Impact of shocks on the vulnerability to poverty: consequences for development of emerging Southeast Asian economies
The German Research Foundation (DFG) in Bonn, Germany in 2006 has awarded a special research unit to the Universities of Hannover, Göttingen and Frankfurt. The subject of the project is the analysis of the role of shocks and risks for the development of poor countries and emerging market economies. Central to the analysis of these factors is the concept of vulnerability. While numerous research papers have been produced on this subject, to date the concept of vulnerability still lacks a comprehensive and empirically well-founded framework in the development economics literature (Phase 1, 2006 - 2009).
In the second phase (2010 - 2012) of the Research Unit, following the basic concept of the first phase, data collection was continued by another two panel waves. In addition, and based on the findings of phase 1, an expansion of the empirical data base was achieved by including household members who have migrated to urban areas. As shown by the results of phase 1 in emerging market economies members of rural households are highly mobile. Thus rural households in effect are often multi-locational households who have a base in the village while one or more, usually younger household members having migrated to the urban centres for employment. Here an unique opportunity exists to better understand the dynamics of poverty before, during and after crisis situations and thus to derive solid lessons how to reduce vulnerability in developing countries. Hence a four- year panel of some 4400 households in six provinces and an additional survey of some 2500 migrants, primarily in three main urban centres (Bangkok, Hanoi and Ho Chi Minh City) is deemed necessary to achieve this goal.
The expectation is that at the end of the proposed second phase an advanced vulnerability concept will be available that satisfies theoretical requirements and is empirically verified and thus serves as a basis to develop social protection policy concepts for emerging market economies. It is proposed that towards the end of the second phase in 2012, an international conference on vulnerability to poverty will be held in Hannover that can bring together high level scientists and development specialists and where the results of this research are presented to a wider audience.
Target countries of this research are Thailand and Vietnam. These two countries were chosen because they offer excellent conditions to undertake such research as they have past (and current) experience with high rates of economic growth and success in poverty reduction. However, they have also suffered from various types of shocks and have implemented crisis response strategies. Both countries, although to different degrees, show a growing regional inequality with a persistence of “pockets of poverty”. Most importantly, in both countries a fair amount of secondary data is available and competent local partners assure high quality research and diffusion of results.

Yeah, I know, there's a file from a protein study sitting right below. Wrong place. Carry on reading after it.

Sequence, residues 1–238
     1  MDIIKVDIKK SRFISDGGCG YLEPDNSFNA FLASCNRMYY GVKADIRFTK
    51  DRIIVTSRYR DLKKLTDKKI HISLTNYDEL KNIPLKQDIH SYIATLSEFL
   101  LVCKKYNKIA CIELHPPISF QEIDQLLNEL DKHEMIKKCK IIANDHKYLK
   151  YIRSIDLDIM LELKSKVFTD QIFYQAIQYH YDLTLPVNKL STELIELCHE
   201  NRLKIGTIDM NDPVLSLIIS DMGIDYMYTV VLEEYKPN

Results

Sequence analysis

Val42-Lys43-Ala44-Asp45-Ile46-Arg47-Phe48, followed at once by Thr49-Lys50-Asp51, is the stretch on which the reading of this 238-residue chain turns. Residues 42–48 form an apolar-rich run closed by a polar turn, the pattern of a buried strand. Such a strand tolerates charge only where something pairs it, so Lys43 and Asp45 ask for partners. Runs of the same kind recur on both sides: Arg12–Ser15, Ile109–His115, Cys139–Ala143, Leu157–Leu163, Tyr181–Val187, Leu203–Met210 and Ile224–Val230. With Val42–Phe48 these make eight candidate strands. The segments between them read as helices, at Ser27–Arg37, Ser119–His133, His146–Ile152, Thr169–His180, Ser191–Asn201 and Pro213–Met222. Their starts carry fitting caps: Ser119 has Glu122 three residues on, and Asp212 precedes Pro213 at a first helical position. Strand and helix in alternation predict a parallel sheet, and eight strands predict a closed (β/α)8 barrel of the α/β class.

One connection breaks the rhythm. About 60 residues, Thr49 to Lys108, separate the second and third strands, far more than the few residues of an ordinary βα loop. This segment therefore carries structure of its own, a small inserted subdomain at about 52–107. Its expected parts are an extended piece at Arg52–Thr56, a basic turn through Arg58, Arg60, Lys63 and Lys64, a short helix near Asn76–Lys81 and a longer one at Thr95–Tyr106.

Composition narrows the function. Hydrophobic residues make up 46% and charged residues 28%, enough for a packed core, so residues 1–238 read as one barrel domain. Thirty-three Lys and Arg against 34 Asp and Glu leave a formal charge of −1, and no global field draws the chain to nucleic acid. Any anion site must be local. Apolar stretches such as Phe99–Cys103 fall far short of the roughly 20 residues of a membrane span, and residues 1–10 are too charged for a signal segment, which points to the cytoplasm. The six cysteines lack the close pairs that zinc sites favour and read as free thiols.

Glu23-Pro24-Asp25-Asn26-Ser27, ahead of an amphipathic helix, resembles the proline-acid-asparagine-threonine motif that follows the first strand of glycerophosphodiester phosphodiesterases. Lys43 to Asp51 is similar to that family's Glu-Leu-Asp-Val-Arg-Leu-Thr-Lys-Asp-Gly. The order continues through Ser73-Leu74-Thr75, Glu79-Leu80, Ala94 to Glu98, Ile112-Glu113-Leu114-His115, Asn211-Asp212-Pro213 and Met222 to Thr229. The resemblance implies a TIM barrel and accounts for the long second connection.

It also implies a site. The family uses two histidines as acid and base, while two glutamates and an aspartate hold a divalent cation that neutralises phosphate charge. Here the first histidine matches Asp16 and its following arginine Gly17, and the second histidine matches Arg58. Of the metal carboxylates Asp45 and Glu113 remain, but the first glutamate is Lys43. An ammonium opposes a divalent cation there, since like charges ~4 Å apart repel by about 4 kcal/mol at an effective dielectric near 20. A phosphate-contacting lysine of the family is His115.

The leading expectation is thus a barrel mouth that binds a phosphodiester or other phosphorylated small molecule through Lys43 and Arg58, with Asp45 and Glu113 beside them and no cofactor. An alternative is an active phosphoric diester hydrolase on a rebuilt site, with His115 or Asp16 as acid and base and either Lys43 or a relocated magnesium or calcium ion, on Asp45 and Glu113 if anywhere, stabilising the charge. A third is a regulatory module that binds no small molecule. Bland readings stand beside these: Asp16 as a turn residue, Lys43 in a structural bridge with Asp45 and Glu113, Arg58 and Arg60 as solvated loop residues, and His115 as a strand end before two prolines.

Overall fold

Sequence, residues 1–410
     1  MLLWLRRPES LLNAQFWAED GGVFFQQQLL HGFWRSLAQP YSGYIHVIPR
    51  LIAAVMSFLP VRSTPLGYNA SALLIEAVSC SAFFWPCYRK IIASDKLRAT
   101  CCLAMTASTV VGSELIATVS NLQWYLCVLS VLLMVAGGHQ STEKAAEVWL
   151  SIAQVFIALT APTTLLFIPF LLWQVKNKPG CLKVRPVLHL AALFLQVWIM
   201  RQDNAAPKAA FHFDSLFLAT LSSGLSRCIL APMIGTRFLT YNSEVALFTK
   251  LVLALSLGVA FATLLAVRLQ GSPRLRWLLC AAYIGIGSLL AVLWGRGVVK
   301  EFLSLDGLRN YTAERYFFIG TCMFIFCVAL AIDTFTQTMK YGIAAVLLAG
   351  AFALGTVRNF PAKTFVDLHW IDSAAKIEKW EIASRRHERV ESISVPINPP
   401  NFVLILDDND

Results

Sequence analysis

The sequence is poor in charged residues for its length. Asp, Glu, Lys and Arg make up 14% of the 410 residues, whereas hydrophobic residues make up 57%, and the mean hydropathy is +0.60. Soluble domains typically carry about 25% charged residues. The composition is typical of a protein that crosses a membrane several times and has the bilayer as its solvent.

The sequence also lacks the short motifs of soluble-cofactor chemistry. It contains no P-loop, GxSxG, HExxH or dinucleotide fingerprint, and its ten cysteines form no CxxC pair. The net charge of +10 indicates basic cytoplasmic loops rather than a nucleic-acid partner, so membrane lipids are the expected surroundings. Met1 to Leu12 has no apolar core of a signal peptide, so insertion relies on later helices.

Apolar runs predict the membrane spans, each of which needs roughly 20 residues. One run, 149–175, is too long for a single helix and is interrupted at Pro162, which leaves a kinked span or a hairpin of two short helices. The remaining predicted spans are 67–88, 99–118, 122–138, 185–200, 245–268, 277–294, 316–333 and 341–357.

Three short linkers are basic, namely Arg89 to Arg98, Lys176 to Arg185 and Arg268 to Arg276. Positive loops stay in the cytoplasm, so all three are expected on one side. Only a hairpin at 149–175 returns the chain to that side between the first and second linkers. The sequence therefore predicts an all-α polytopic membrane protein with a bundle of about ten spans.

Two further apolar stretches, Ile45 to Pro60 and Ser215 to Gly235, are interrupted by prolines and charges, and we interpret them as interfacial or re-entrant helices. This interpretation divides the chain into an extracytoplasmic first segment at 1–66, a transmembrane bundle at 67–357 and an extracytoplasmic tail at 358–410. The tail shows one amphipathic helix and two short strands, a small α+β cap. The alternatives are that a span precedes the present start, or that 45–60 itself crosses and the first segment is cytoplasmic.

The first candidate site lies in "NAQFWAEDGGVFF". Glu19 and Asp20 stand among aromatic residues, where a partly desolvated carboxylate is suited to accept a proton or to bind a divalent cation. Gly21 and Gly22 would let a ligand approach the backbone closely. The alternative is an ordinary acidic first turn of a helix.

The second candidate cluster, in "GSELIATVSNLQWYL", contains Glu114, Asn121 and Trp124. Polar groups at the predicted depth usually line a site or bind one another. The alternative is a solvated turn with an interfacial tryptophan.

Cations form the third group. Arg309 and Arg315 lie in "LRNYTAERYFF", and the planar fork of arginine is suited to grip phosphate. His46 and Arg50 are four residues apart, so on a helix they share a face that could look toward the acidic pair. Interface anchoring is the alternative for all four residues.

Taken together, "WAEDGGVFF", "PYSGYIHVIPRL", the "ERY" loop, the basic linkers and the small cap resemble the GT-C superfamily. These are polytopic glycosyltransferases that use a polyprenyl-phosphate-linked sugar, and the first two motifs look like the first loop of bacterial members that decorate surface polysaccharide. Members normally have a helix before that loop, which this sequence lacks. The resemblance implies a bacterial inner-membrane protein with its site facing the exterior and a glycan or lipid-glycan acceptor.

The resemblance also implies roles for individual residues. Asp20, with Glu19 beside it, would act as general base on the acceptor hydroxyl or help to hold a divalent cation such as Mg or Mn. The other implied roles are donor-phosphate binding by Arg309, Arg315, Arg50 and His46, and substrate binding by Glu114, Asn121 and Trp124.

To advance the vulnerability to poverty concept the project follows an integrated approach. Through interconnected research in different fields of economics, the determinants of vulnerability are investigated. Five interlinked subprojects look at the role of macro and micro risks and shocks of vulnerability to poverty. Two sub projects, are so-called Base Projects. These two projects generate outputs which are needed by the three other subprojects. The latter projects deal with vulnerability from a sectoral and regional perspective.
Base project No. 1 “Vulnerability and household dynamics” develops the theoretical and conceptual base of the vulnerability to poverty concept in order to facilitate the establishment of a sound empirical base of the factors that determine vulnerability. Complementary to that the second base project takes charge of the collection and management of the vulnerability database including secondary and primary data. Base project 2 is adding a spatial dimension to the analysis. Building on the results of the other subprojects it will generate GIS-based maps of vulnerability for the six target provinces.
The three other projects deal with different aspects that play a role for vulnerability. They cover the field of (i) agriculture, (ii) financial institutions and (iii) regional economic development. In combination they provide the specific factors that influence vulnerability including macro and micro shocks specific to these fields. The subprojects will follow the theoretical concept outlined by project 1 and will make use of the database service function provided by project 2.